Koka noodles prawn flavour

10:19 AM


So after launching my new series with the original Maggi Masala noodle, here is another ramen noodle type you can find in India: Prawn (shrimp) flavoured ones from Koka.
They aren’t available as widely as Maggi, the first time I saw this particular brand and flavour was in Bangalore in the Food World supermarket chain, but they weren’t stocking it regularly, the now defunct supermarket Monday to Sunday also had it, and Big Bazaar had some of their other flavours on occasion.

In Mumbai my local supermarket has almost the whole range, and Big Bazaar has the mushroom flavour and a few others. The prawn flavour is priced at 25 rupees an individual pack, it’s an imported brand but at this price, it still won’t break the bank.

Taste wise this is my absolute favourite, I used to like them back in Switzerland in other brands, I love shrimps in general, and if I can get my hand on something flavoured with it here in India I’ll take it.
Compared to Maggi noodles, Koka ones are thinner, way less starchy (and I mean it, because my main issue with Maggi is the starchy feeling) and the flavour is blending very well with the noodles as well. Koka has a whole range of flavours to choose from which rest assure I will review too, but I started with my favourite. It is also my daughter’s ultimate favourite and when we do this one we can’t just share a pack and call it a snack because she will almost gobble a whole pack all by herself, be mindful though that this particular one has MSG in it, so it’s not something to give to child below they age of 1 and should you be sensitive to MSG don’t go for it.
Of course as with every ramen noodles I will review, this one is not healthier than any other, they are a nice treat, but definitely not a balanced meal, but as comfort food goes, this particular brand and flavour scores high.
In our home we actually make sure that it’s in the cupboard at all time along with Maggi masala noodles, and of course I go by the logic that as long as people in my local supermarket raid the Koka noodles that means they will keep stocking it, which will ensure we will not be without it like it happened in Bangalore a long time ago.


  1. Nice to know about this noodle brand. Will try it when I visit India, though I dislike shopping in Big Bazaar, too crowded for me and the lines at checkout are too long. I really like your articles about food and how you manage to cook your childhood favourites with the ingredients being difficult to find in india. I live in Norway now, and with me it is the reverse, trying to cook Indian food (albeit my own version of it) using the ingredients I find here.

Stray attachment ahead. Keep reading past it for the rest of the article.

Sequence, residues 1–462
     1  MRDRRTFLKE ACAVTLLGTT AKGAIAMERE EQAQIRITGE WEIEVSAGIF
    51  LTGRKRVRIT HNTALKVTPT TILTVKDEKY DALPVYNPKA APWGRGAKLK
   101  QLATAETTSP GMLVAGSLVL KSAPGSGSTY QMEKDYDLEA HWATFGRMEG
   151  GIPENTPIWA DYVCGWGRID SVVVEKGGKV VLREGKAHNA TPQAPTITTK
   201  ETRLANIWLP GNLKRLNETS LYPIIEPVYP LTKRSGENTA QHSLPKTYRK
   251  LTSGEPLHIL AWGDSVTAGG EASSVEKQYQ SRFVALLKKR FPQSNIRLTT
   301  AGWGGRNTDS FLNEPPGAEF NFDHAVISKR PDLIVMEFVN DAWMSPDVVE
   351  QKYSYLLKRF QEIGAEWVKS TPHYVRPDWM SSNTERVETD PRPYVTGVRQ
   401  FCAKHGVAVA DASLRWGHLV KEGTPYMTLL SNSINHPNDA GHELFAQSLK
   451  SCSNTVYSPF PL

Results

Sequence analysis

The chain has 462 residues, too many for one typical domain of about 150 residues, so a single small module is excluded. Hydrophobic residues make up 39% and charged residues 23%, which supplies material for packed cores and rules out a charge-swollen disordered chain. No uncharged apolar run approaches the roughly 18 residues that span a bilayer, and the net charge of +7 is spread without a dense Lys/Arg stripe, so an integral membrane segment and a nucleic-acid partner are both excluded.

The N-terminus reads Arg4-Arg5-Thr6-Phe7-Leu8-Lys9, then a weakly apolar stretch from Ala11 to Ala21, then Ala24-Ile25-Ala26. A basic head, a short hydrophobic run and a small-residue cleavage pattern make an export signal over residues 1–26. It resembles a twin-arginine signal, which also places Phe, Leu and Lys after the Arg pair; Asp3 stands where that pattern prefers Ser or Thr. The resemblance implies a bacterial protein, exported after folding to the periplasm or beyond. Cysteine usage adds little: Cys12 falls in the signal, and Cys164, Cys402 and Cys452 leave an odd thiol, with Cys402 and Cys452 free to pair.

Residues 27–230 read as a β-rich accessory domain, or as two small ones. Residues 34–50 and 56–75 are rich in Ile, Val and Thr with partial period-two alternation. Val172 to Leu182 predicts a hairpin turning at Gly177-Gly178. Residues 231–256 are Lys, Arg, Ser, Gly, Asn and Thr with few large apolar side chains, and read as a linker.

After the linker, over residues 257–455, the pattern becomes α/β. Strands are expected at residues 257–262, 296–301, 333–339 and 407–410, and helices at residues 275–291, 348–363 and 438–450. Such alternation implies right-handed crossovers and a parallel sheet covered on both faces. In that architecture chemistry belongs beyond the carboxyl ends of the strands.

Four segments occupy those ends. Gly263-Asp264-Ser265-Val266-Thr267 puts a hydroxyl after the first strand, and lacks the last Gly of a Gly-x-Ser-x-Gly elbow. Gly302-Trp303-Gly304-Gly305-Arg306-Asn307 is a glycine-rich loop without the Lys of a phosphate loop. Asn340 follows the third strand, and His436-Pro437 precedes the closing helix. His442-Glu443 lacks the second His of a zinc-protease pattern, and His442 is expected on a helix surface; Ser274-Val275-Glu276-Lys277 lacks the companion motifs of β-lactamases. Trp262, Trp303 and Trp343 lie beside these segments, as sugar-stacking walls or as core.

2. Hi Nima,
    Yeah I can imagine that it must be equally though to cook Indian food in Norway, DH tried in Switzerland while he was on assignement there, he found a Indian grocery store though, but the main problem was the electric stove and lack of pressure cooker. I joined him on the assignement for 2 months and I tried to cook some chicken dishes for my family and it didn't taste as good, first they didn't have a wok, and no flat bottomed pans don't do it too well, and then in so many years in India I actually got used of being to regulate the stove temperature instantly just reducing the flame on the gas stove. Electric stoves while being safer aren't very good when it comes to cooking stuff that need to go from boiling to simmering in a spilt second.

    Oh and I hate Big Bazaar myself, I rarely visit that one because not only there is always a crowd and a long queue at the check out, the  cashiers are pretty dumb, and their computer system always having a problem, it never fails each time I go there there will be at least one item that will not scan in their system and them taking about 15 minutes to figure out what to do about it...sigh!

  3.  It was no problem living in the USA, where there are many Indian grocery stores, and you get anything and everything Indian easily. But it is not too bad, there are still Chinese and Middle Eastern stores here, and we can make do with almost all of the basic stuff like pulses, spices etc. And it is good to be challenged to get creative once in a while!

  4.  Oh yes creativity is a very good thing, and it never hurts to be creative.
    My main issue in India with continental cuisine is that some of the ingredients are pricey and have no substitute.
    DH noticed that Indians living in Switzerland have it much easier, because even streamline supermarkets stock up some of the basics and they cost about the same price as local produces and Swiss food stuff, so Indian expats do not break the bank to have a little comfort from back home in a strange land. A thing sadly expats coming to India don't get, if you are on a multinational short term assignment, fine the income is probably big enough so that certain things won't put a hole in your budget, but there is a significant portion of expats that are here working for small NGOs or are married to Indian citizens and don't get the overinflated expat life and for these spending nearly 400 rupees on 8 slice of bacons, or planning a sushi meal that will set the bill just for the ingredients to cook them at home in the 1000's of rupees is just not possible at all.
    I actuall had people telling me to my face and on this blog to suck it up and do as the Indian do and eat Indian. Indian food is good, but not at every meal, and I found these comments rude, because back home we don't tell Idnians immigrants to suck it up and eat Swiss food and nothing else. So yeah for me this was quite a shock at first :)


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